Welcome to our online store!
You have no items in your basket.
Close
Filters
Search

The Anatomy of Sabkhas: Salt and Architecture

Author/EditorShabib, Rashid Bin (Author)
Shabib, Ahmed Bin (Author)
Publisher: Mondadori Electa
ISBN: 9788891830364
Pub Date07/09/2021
BindingHardback
Pages272
Dimensions (mm)260(h) * 210(w)
Sabkhas (Salt Lakes) form as a unique result of converging climates, winds, river flow, and that they have the potential to bring justice back to our climate crisis and rehabilitate the natural global order.
$44.43
excluding shipping
Availability: Available to order but dispatch within 7-10 days
+ -

The ancient terminology, sabkha-born in the Arab world-has become well-established in the global lexicon of geological and ecological discussions around sustainability. Perhaps the most important quality of the sabkha in this context is that its ecological network of wetland plants can sequester four times more carbon (per square meter) than rainforests can. So, sabkhas not only support our natural environment but also heal it. Sabkhas have also infiltrated popular culture. Salt has travelled beyond its natural habitat and into our traditions, rituals, festivals, and our built environ-ment. From uses of its salt in spiritual purging during Japanese Sumo match-es to its use in Jewish weddings to Burning Man-a temporary city construct-ed on a Californian desert sabkha. Possibly the most ancient ritual carried into the 21st century is their allure as salt baths. But their mineral content can also produce preservatives, energy, and even buildings.

The ancient terminology, sabkha-born in the Arab world-has become well-established in the global lexicon of geological and ecological discussions around sustainability. Perhaps the most important quality of the sabkha in this context is that its ecological network of wetland plants can sequester four times more carbon (per square meter) than rainforests can. So, sabkhas not only support our natural environment but also heal it. Sabkhas have also infiltrated popular culture. Salt has travelled beyond its natural habitat and into our traditions, rituals, festivals, and our built environ-ment. From uses of its salt in spiritual purging during Japanese Sumo match-es to its use in Jewish weddings to Burning Man-a temporary city construct-ed on a Californian desert sabkha. Possibly the most ancient ritual carried into the 21st century is their allure as salt baths. But their mineral content can also produce preservatives, energy, and even buildings.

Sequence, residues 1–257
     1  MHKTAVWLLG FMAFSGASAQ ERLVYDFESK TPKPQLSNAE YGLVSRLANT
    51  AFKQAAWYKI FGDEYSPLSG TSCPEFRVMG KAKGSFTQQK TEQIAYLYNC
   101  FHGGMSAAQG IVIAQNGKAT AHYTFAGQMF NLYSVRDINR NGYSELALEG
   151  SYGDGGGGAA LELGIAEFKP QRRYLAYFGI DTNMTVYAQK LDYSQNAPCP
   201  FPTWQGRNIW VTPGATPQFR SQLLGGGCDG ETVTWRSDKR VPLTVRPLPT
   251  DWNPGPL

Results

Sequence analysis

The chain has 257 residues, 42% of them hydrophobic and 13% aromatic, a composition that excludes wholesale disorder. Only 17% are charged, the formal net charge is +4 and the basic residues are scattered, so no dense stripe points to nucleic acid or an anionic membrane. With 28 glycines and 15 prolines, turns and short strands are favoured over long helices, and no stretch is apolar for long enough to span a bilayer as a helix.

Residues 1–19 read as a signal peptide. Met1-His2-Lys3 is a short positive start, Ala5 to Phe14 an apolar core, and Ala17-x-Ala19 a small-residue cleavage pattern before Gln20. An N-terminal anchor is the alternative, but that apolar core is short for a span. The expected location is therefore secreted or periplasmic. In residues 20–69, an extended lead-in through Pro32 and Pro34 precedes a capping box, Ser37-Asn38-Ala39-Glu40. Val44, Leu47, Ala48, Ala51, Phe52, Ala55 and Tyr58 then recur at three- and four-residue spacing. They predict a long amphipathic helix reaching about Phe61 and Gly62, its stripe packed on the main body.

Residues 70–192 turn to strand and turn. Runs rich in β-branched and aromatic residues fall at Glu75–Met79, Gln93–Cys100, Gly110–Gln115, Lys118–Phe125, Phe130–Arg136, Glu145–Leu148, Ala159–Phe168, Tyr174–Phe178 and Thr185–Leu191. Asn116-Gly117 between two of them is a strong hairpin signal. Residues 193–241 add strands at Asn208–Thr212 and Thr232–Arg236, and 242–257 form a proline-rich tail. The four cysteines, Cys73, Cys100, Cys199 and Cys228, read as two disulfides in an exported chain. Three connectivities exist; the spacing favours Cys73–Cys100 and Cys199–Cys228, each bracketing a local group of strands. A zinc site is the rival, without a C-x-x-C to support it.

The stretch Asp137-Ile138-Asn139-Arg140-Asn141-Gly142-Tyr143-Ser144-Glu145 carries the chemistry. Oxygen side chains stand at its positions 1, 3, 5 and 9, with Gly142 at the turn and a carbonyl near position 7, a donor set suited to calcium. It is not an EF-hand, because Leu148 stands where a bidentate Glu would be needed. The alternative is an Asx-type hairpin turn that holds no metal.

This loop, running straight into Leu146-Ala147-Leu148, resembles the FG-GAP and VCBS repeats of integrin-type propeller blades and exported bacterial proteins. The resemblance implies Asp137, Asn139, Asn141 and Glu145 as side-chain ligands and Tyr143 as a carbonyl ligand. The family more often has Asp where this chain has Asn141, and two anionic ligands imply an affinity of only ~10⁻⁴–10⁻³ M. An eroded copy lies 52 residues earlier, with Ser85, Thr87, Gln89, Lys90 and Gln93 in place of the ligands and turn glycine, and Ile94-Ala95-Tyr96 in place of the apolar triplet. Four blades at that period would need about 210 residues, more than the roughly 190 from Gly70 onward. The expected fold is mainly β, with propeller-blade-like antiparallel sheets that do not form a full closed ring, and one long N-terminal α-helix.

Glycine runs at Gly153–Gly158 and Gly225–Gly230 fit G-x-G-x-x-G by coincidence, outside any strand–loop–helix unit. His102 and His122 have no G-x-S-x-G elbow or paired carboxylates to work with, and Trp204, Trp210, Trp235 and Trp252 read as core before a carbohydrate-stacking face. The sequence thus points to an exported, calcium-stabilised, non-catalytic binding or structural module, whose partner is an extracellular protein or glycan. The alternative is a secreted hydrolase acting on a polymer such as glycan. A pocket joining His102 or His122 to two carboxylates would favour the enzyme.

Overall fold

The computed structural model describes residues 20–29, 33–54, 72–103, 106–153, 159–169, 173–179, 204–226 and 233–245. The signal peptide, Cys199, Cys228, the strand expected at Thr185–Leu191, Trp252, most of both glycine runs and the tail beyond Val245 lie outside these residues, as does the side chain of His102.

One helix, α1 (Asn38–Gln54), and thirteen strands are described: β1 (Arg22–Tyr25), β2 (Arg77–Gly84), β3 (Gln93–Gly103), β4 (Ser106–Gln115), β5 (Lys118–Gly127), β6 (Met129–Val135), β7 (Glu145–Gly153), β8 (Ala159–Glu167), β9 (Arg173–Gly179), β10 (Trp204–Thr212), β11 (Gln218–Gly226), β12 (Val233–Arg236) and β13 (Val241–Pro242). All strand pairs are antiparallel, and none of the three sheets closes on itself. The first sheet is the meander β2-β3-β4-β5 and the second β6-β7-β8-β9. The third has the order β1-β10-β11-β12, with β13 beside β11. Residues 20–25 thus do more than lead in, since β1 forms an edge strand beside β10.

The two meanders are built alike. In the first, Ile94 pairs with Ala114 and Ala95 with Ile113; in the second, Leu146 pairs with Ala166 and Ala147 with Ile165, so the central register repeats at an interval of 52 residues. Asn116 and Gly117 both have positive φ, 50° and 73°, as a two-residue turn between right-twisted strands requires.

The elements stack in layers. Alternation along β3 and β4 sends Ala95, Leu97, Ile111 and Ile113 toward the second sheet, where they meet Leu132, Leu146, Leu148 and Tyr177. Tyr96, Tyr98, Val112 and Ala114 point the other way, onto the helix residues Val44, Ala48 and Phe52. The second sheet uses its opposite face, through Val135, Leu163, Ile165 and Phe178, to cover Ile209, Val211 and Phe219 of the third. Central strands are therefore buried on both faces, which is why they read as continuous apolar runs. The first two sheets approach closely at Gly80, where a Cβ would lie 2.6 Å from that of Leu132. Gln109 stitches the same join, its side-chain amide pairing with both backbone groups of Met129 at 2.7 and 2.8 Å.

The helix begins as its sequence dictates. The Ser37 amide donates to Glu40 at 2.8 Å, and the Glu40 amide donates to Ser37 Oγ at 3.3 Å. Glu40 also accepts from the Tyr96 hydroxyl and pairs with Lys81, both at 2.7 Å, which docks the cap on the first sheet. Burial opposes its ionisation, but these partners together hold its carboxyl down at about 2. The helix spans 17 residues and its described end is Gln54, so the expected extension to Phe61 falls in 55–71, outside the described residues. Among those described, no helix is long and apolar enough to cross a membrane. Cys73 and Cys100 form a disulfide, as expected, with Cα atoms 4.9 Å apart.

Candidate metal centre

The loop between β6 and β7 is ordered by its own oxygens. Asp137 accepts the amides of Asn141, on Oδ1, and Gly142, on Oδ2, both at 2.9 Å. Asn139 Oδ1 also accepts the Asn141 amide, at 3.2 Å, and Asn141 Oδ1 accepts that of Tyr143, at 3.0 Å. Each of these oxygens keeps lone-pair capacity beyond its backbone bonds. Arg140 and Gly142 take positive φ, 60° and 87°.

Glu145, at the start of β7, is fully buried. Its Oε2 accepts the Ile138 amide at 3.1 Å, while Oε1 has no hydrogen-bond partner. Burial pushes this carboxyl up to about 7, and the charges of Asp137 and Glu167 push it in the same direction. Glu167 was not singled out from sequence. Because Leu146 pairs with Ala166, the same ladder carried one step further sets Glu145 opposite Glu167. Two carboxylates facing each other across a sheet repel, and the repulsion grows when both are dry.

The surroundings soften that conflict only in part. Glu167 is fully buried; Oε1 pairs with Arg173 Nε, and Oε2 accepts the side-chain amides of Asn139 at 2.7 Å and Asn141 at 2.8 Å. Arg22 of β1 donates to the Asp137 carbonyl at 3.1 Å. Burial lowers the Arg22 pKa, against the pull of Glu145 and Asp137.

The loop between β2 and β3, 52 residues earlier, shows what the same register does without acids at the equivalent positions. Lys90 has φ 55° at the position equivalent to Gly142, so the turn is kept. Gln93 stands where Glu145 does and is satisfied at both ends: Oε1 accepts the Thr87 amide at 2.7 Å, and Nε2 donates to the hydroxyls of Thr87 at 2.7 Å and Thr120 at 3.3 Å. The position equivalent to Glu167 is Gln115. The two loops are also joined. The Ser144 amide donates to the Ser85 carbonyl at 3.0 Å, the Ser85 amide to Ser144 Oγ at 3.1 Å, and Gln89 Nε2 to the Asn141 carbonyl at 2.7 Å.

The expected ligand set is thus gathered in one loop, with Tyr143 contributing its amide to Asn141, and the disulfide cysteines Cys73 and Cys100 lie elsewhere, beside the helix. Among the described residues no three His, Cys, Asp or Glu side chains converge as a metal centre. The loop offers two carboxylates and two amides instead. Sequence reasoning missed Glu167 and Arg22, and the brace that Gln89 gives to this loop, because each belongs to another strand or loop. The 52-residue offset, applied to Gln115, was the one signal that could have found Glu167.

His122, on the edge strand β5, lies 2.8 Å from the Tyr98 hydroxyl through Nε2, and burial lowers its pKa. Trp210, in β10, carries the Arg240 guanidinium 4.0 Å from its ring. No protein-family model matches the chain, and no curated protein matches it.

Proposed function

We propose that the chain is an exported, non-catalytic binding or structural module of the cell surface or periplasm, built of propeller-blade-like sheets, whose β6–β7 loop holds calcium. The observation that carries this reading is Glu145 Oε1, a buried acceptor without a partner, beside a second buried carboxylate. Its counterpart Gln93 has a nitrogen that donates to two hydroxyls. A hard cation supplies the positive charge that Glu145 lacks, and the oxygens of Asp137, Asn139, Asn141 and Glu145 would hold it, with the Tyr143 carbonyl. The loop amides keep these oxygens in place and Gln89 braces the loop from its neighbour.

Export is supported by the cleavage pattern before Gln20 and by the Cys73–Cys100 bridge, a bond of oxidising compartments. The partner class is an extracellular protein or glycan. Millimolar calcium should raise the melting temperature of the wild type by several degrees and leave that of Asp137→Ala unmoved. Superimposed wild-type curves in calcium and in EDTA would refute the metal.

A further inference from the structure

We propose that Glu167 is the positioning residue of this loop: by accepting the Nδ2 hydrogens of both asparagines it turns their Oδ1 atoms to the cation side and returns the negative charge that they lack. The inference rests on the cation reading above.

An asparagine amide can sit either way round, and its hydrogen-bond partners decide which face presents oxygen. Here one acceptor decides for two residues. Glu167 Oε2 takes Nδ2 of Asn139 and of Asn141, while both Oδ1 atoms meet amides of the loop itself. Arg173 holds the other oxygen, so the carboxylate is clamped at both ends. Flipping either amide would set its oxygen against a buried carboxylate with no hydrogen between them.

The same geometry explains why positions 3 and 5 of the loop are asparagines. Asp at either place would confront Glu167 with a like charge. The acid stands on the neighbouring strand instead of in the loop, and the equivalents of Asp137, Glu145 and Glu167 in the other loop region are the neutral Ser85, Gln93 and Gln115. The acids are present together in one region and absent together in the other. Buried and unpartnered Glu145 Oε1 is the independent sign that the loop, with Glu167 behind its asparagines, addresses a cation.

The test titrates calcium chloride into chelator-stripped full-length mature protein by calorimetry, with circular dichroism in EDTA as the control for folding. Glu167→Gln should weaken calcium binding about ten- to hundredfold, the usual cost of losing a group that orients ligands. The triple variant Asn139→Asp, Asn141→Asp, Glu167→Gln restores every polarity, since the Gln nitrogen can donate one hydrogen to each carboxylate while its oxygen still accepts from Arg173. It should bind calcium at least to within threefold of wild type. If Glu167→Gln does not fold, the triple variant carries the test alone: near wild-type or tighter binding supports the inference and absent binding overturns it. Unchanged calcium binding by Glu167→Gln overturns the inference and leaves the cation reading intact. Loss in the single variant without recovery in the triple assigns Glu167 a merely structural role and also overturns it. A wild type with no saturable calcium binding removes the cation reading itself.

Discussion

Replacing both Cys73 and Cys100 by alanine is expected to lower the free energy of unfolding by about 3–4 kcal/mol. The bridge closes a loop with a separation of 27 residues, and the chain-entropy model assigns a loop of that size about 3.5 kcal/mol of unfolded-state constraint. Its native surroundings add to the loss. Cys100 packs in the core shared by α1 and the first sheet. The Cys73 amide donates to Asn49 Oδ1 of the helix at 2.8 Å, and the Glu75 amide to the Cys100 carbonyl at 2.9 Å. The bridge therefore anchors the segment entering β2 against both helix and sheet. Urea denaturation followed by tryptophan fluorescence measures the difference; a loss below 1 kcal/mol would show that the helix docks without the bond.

Rashid and Ahmed Bin Shabib are urbanists and researchers of cities across the Middle East and North Africa. They are the founders of Brownbook, a magazine that focuses on cities across the region. They have curated several exhibitions and collaborations, including at the Vitra Design Museum (2017), Serpentine Gallery (2016), UAE Pavilion Milan Expo (2015), and Lars Muller Publishing (2019). They both hold degrees in Urbanism from the University of Ox-ford and were nominated for the Aga Khan Award for Architecture in 2010 and 2019. Wael Al Awar founded waiwai (formerly known as ibda design) in 2009 after moving back to the Middle East from Tokyo. He has extensive experience in designing projects of various scales and programs, including art centers, parks, schools and university campuses, mixed-use developments, private villas, and mosques. With interests in natural phenomena, landscape, and formless diagrams of relations, Al Awar has a multi-disciplinary approach to design and seeks to challenge conventional processes to push the boundaries of design. Kenichi Teramoto joined waiwai as a principal architect and partner to Wael Al Awar in 2012. Previously, Teramoto worked with renowned architects in Tokyo and Rotterdam on local and international projects, building extensive design experience in both Asia and Europe. His architectural design proficiency includes a diverse range of projects, including art centers, parks, school and university campuses, mixed-use developments, private villas, and mosques.

Write your own review
  • Only registered users can write reviews
*
*
Bad
Excellent
*
*
*
Close
)
CLOSE